Victor Matheson, North Carolina, Jeff Craig discussed on Morning Edition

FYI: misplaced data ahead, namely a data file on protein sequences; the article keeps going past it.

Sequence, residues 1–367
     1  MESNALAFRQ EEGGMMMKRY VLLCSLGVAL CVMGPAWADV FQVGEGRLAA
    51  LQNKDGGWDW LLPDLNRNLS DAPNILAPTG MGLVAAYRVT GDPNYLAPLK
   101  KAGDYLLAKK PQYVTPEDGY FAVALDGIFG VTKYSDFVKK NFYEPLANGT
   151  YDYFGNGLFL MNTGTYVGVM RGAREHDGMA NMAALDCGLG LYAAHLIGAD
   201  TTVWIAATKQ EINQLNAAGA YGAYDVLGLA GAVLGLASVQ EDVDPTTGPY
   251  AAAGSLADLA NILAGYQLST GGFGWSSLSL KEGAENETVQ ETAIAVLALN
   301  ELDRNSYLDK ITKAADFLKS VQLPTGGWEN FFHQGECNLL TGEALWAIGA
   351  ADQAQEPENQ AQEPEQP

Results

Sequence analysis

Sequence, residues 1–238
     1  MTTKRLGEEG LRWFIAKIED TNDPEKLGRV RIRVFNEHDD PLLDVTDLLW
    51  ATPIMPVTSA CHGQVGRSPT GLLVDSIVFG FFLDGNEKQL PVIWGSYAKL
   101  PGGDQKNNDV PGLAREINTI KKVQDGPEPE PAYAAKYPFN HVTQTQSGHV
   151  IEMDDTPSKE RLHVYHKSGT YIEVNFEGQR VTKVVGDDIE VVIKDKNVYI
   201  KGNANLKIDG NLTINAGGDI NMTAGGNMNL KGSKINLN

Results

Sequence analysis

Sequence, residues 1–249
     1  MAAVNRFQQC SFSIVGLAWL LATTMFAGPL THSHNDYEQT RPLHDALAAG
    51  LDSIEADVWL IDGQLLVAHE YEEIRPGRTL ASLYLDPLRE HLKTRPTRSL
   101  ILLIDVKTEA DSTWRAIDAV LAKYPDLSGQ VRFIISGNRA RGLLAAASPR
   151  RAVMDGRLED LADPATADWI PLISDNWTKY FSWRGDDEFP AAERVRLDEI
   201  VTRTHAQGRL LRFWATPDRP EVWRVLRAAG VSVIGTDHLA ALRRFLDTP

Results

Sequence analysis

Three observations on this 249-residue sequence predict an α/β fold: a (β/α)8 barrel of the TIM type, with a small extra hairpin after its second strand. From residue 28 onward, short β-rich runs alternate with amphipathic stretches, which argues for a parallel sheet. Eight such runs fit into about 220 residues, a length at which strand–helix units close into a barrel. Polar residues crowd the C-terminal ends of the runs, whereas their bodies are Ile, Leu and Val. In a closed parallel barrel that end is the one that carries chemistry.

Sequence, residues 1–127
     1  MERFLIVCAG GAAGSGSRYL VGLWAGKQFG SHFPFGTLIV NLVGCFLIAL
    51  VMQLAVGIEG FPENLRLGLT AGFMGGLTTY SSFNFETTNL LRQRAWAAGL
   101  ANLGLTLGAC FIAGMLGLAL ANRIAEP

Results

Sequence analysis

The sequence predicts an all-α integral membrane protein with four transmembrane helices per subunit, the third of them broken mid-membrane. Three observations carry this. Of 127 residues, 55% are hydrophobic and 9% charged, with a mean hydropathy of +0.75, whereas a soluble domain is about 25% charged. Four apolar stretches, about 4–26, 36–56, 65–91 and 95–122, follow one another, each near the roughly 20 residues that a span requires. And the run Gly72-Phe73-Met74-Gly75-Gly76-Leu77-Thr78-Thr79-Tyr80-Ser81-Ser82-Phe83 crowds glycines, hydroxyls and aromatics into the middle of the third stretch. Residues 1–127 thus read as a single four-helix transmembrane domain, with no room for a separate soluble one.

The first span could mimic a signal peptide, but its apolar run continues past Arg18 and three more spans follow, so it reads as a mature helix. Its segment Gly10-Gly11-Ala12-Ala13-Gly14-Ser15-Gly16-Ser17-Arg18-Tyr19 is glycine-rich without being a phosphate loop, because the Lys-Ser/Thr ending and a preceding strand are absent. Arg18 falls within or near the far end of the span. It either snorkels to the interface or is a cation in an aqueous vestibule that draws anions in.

Set record sales proceeds from Powerball tickets to scratch offs contributed $731 million to public education. Translates to more than 10% of the state's funding for school district's, but their seats don't look nearly as good this year. With more strict reopening guidelines, Sales have plummeted and revenue is nosedive nearly $90 million during the pandemic. Victor Matheson teaches economics at the College of the Holy Cross in Massachusetts, where he researches sports in the lottery, So we do know roughly nationwide money from lotteries. Plus other gambling constitutes about 2% of all state budgets in the country as a whole, So that's not huge. On the other hand, it's as much as state's generate from For example, ST Tobacco TAXES it alcohol taxes, 45 states and the District of Columbia run lotteries. More than half of state lotteries funnel a portion of their revenue into education. 14 completely devote their lottery money to public schools and scholarships. In fact, in North Carolina, they even call it the North Carolina education. Lottery officials talked. The more than 10,000 students received free pre K last year, thanks to the Lotto. Schools in that state are now projected to receive about $30 million of less than what they expected from the lottery. The pandemic lottery dip in places like North Carolina and I will know I wouldn't normally be a huge loss for public education. But Matheson says, since it's happening at the same time as the recession, it's a small but irreplaceable amount. The drawing up of lottery funding Is just symbolic of drying up of all sorts of other types of revenue sources that state local governments and schools all depend on. Jeff Craig is superintendent of the West Aurora School District, located west of Chicago. He's feeling a bit of whiplash, he says. Just before the pandemic he was planning to add resource is all those folders are now in a filing cabinet because it's not something we can talk about for years to come. Now. Now, Craig is trying to figure out how to pay for additional cost things like sanitation, protective equipment and ensuring the emotional health of his students. Been trying to calculate all the losses add up quickly. Michelle Yaar is the chief financial officer at Rockford Public schools. Overnight. We went down $20 million which is very significant. With less money from the lottery and a predicted drop off property and corporate taxes. School systems may have to start making tough decisions about cuts very soon. Depends on how long this recession will last. So hopefully this is ah, one year dip, but it is not looking like it. I mean, I would I would expect we're going to have a hard couple of years to three years. Based on what's what's happening. Many school officials are hoping for federal stimulus money to help them bridge the funding gaps. But bridging those gaps will rely in part on people being able to stop by the gas station to buy a lottery ticket for NPR news. I'm Muslim.